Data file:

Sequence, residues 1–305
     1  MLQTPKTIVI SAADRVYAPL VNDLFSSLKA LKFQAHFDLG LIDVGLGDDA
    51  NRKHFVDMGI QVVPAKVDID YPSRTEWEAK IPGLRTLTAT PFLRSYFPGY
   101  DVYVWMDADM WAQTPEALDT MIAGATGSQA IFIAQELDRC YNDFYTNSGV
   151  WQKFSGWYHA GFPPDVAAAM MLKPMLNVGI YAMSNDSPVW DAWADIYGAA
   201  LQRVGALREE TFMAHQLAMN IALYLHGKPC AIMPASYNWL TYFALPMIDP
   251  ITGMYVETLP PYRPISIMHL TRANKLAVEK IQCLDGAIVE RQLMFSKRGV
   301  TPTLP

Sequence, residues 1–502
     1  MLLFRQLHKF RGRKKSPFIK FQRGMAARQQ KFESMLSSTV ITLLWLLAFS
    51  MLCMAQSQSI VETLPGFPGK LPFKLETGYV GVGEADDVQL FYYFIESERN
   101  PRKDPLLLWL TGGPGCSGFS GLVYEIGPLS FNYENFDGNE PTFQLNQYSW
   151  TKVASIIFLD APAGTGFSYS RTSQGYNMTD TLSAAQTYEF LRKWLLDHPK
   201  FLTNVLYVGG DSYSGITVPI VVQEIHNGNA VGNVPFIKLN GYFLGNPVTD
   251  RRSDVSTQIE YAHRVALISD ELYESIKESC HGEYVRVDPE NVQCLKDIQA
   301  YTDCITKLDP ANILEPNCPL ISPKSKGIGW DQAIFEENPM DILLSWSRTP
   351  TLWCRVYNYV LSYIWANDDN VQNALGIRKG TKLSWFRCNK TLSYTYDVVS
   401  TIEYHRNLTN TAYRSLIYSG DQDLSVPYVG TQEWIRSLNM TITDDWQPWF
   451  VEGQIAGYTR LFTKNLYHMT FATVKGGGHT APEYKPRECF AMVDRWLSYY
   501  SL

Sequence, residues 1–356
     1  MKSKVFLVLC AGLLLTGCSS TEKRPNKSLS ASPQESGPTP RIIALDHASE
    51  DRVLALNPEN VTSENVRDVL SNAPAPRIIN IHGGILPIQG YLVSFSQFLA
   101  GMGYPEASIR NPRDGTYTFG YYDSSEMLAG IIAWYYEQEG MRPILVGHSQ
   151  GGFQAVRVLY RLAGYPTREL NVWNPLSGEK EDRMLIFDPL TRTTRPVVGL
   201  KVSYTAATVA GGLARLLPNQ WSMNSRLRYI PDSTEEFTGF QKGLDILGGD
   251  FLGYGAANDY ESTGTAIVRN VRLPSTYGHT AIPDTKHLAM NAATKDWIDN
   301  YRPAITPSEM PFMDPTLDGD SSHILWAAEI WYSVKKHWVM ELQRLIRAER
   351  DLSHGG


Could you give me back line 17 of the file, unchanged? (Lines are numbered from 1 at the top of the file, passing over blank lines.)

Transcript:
   351  TLWCRVYNYV LSYIWANDDN VQNALGIRKG TKLSWFRCNK TLSYTYDVVS